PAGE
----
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What do you consider to be the importance of witches in Macbeth - Coursework Example

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The witches in MacBeth serve a multitude of purposes. One is that there is the possibility that they were not actually living, sentient beings figments of MacBeth’s fertile imagination. This is one of the interpretations that Epstein states is a possibility…
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What do you consider to be the importance of witches in Macbeth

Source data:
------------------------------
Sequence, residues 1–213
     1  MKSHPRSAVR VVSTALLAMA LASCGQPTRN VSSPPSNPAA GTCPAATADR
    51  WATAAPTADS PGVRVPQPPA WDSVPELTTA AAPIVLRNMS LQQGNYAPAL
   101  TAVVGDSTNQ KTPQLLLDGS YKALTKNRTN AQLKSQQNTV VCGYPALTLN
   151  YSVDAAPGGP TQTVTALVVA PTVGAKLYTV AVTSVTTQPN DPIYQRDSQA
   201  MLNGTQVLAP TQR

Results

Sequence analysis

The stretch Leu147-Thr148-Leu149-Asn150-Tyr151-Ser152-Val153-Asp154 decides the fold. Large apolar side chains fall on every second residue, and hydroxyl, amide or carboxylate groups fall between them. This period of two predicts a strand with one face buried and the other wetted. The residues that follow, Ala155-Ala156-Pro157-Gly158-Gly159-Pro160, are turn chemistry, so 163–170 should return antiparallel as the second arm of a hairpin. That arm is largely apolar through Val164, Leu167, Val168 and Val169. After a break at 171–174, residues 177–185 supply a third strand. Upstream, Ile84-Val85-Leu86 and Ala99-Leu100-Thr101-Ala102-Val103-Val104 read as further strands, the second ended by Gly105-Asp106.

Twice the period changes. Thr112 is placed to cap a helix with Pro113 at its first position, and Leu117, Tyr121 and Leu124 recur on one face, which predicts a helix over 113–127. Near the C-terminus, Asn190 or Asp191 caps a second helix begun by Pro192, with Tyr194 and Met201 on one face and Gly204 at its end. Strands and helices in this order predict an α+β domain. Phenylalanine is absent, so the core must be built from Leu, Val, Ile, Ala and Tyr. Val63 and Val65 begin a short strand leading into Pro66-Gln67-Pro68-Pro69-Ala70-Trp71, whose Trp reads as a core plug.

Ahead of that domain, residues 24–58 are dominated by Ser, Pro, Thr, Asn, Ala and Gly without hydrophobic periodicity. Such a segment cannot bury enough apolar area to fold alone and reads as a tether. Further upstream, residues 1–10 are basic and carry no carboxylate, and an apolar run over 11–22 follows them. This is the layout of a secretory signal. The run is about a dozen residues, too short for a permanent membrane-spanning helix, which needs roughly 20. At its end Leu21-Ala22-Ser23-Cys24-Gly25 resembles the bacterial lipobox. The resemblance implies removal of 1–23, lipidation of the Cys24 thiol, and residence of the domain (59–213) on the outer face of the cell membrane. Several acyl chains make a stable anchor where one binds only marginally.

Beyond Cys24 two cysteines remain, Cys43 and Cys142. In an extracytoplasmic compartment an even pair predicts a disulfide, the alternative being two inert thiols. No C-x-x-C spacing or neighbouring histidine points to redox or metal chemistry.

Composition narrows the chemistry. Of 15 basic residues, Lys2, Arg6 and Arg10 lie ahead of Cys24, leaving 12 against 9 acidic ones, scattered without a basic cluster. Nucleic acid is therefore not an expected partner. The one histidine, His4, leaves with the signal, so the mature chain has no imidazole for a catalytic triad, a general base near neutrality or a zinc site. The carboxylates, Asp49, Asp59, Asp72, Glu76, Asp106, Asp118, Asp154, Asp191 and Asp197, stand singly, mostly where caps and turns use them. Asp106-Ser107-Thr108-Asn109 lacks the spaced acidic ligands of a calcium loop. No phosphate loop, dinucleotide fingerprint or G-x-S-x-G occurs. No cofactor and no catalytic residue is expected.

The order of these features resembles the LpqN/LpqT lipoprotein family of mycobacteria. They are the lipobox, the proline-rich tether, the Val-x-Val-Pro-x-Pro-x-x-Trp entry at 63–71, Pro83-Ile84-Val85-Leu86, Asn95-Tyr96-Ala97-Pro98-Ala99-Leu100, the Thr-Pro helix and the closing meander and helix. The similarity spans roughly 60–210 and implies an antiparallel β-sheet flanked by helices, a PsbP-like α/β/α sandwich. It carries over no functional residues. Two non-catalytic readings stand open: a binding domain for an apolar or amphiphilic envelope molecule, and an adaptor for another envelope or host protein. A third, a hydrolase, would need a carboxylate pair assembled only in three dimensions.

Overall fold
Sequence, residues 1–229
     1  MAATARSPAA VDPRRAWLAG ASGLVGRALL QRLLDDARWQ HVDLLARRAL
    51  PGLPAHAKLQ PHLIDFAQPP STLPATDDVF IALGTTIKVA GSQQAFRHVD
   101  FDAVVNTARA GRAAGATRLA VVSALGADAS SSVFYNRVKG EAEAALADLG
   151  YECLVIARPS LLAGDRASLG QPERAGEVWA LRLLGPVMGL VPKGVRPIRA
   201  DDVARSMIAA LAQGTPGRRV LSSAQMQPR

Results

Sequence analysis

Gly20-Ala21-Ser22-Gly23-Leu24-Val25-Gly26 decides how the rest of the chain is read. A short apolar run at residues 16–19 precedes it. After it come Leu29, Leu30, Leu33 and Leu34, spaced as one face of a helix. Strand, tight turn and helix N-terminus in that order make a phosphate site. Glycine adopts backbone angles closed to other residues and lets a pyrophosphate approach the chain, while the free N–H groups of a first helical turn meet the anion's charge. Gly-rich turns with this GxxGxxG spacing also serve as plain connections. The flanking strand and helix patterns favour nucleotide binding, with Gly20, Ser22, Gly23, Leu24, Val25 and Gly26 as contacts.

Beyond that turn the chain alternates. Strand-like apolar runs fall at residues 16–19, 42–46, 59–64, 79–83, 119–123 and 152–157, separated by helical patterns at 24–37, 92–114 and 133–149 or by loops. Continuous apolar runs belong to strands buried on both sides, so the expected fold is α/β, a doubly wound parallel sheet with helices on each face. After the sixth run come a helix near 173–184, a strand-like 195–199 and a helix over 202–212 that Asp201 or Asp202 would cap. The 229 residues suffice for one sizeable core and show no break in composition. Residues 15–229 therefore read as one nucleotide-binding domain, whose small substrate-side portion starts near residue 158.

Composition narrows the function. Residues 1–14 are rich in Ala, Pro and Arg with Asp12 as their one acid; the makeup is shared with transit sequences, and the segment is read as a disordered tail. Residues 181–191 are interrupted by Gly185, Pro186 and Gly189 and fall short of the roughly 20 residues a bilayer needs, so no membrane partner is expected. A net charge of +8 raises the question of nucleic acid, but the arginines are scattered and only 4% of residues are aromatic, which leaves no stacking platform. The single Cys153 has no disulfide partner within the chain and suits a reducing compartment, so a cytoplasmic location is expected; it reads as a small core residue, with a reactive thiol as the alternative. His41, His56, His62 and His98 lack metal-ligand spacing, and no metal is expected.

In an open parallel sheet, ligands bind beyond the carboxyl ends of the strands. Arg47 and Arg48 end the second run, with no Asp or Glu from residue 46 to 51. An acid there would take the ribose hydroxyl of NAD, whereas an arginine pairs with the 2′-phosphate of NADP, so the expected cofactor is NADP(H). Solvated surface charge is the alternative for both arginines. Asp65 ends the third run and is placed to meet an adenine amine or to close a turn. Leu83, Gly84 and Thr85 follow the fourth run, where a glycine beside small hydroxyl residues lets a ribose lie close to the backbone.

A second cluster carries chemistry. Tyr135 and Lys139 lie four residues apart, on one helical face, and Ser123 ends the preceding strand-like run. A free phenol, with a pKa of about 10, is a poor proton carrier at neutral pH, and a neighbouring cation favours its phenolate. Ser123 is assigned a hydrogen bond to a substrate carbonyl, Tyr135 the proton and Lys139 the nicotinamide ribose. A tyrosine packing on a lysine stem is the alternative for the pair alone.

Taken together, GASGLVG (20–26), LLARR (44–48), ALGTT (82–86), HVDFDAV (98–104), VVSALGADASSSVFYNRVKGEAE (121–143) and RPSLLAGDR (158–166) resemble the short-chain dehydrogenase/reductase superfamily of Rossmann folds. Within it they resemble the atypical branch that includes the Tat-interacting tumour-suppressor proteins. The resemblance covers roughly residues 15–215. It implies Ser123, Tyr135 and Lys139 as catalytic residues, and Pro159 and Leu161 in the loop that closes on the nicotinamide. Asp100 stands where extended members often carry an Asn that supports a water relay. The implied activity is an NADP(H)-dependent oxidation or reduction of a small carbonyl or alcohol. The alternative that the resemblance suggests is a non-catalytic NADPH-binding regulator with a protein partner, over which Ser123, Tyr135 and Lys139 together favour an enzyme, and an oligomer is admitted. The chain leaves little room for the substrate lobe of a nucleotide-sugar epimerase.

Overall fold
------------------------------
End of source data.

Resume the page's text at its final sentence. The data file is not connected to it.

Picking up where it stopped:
Download file to see previous pages... One of the witches tells MacBeth that he is the “thane of Glamis” (I, i, 45-46). The second witch tells MacBeth that he is the “thane of Cawdor!” (I, i, 49-50). The third witch tells MacBeth that “that shalt be King hereafter!” (I, i, 51-52). Epstein (422) states that, after the final pronouncement by the final witch, MacBeth’s hair stands on end and his heart starts pounding. This shows that this is something that MacBeth has thought about himself – that he could be King, if only Duncan were out of the way. Epstein (422) further notes that the word “wyrd,” which was what the witches were called, as they were referred to as “weird sisters,” (I, i, 31), is actually misinterpreted. The modern plays interpret the word “wyrd” as being the same as “weird” in modern day language. After all, the three women were very weird. When we first meet them, one of them is killing swine, and the other one speaks in rhymes – such as “in a sieve I’ll thither sail, and like a rat without a tail…” (I,i,8-9), and “Here I have a pilot’s thumb, wrackd as homeword he did come. A drum! A drum! MacBeth did come!” (I, i, 29-31). Perhaps in Shakespeare’s day it wasn’t weird to speak in rhymes in the plays, so the audience for Shakespeare might not have thought that this was out of place, but the rhyming definitely made that particular sister seem weird. Therefore, the fact that the sisters are referred to as weird might be a modern-day interpretation of them and their overall characters. But Epstein (422) states that the word that was actually used as “wyrd,” which means fate. This would bring a variety of translations for the witches, assuming that the word is “wyrd” and the meaning is “fate.” This would be a pun, but a very meaningful one. This would be an answer to one of the questions that is central to the play, and that is whether or not our fate is determined by our own hands or by some kind of outside force. The outside force would be the witch’s influence over MacBeth and Lady MacBeth, both of whom are responsible for the bloodbath that is to follow. The implication is that the witches are responsible for MacBeth and Lady MacBeth’s overwhelming ambition that created the situation where there was a string of murders that MacBeth, an inherently good man, commits. If it were not for the outside influence on the proceedings at hand, there is not a way that a man like MacBeth could have done what he did. After all, the word “fate” implies a lack of control – that whatever happens in this world is predestined, and that we are powerless to stop it. Therefore, one of the functions of the witches is both in their persona and in the double entendre on the word “weird,” in that their persona is what ostensibly controls the situation, and the word “weird,” possibly means fate in this context. There is another interpretation of the word “wyrd,” according to Epstein, and this interpretation leads one to the opposite conclusion as the interpretation above. This is that the word might suggest “wayward.” This would imply that the witches were not even real, but, rather, were figments of MacBeth’s imagination. This interpretation would suggest that fate was not in control, at all, but, rather, MacBeth’s deep seated ambition is what is in control. This would imply that what happens to him is a result of his own free will, not the result of the witches influencing the proceedings a ...Download file to see next pagesRead More
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